Olympian who turned back on flag during anthem says she feels ‘set up’ by US Track & Field

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A hammer thrower who will represent the U.S. next month at the Olympics and who turned her back to the American flag during the playing of the national anthem this weekend says she feels “set up” by U.S. Track & Field.

Gwen Berry turned away from the flag Saturday while the anthem played as she received her third-place medal during the Olympic trials in Oregon. She later draped a T-shirt that read “activist athlete” over her head.

Berry admitted her actions were “disrespectful.” However, she told reporters that she was under the impression that officials would play the anthem before the athletes reached the podium.

The Associated Press reports that USA Track & Field (USATF) played the anthem once each evening throughout the Olympic trials.

“I feel like it was a setup. I felt like they did it on purpose,” Berry said, according to Reuters and CNN. “I was pissed, to be honest.”

“I was thinking about what should I do,” Berry added. “Eventually, I just stayed there and just swayed. I put my shirt over my head. It was real disrespectful. I know they did that on purpose, but it’ll be alright. I see what’s up.”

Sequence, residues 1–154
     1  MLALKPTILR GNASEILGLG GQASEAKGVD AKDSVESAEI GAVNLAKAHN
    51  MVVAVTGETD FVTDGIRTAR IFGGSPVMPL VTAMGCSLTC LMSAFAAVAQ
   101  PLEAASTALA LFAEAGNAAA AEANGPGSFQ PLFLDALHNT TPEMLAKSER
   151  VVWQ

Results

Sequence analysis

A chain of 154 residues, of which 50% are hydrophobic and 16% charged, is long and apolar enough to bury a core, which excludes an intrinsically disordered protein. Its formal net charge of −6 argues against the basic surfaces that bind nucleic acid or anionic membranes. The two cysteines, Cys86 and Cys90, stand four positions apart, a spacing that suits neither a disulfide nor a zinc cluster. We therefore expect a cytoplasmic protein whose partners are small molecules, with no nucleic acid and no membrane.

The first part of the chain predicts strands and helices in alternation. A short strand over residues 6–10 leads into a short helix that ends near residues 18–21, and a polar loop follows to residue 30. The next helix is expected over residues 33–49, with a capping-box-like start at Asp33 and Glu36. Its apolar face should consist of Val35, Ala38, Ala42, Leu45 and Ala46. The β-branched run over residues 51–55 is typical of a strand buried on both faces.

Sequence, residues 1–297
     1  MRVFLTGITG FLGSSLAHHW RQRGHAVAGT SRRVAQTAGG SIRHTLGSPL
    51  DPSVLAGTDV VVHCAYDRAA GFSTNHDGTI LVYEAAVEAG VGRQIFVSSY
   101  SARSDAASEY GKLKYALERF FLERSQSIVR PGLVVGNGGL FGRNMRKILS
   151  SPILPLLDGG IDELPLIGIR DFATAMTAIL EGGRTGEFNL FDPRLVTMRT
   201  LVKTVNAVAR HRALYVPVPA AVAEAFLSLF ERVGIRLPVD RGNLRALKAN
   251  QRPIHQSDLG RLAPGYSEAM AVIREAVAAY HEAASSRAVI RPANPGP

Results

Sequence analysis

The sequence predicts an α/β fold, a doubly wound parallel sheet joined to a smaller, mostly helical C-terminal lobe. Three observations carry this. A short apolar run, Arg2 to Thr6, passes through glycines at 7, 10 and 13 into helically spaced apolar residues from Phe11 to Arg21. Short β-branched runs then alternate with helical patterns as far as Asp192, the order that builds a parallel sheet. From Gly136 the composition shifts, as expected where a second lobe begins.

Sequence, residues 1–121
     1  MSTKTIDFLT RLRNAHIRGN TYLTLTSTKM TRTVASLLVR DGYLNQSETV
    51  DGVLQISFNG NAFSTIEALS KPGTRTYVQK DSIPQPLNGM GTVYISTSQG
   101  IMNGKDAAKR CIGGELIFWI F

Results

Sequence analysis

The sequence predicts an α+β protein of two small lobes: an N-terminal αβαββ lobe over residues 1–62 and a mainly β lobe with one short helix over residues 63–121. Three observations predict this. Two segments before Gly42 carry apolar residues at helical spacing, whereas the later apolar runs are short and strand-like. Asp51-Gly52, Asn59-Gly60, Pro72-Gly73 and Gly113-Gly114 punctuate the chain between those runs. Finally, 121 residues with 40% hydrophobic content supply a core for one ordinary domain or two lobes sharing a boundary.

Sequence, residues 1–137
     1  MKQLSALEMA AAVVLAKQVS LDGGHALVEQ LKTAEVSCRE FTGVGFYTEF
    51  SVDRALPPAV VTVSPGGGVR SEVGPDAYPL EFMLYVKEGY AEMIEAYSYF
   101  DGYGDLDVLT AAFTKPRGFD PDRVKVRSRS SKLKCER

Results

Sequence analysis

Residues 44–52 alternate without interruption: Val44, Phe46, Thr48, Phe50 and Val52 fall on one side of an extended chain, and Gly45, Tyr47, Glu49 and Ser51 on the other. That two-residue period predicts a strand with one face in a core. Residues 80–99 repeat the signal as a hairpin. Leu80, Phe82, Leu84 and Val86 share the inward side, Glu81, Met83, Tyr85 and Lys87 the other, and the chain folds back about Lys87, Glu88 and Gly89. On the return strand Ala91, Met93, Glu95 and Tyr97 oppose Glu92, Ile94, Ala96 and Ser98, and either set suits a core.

Berry further defended her actions and comments on social media posts over the weekend.

By finishing third at the Olympic trials, Berry qualified to throw for the U.S. team next month at the 2021 Games in Tokyo.

Berry, known for her social activism off the track, has been punished for anthem demonstrations in the past. In 2019, she received a letter of reprimand from the USOC and 12 months probation for raising a fist during the anthem at the Pan American Games.

Berry’s actions during the anthem have already prompted criticism from Republican lawmakers who have called for her removal from the U.S. Olympic team.

“We don’t need any more activist athletes. She should be removed from the team,” said Rep. Dan Crenshaw, R-Texas, during an appearance on Fox News Monday.

During a briefing on Monday, White House press secretary Jen Psaki defended Berry’s protest.

“A part of that pride in our country means recognizing there are moments where we, as a country, haven’t lived up to our highest ideals, and it means respecting the right of people granted to them in Constitution to peacefully protest,” Psaki said.

Athletes from around the world will be prohibited from protesting during the games this year after the International Olympic Committee earlier this year upheld Rule 50, which limits demonstrations “or political, religious or racial propaganda is permitted in any Olympic sites, venues or other areas.”

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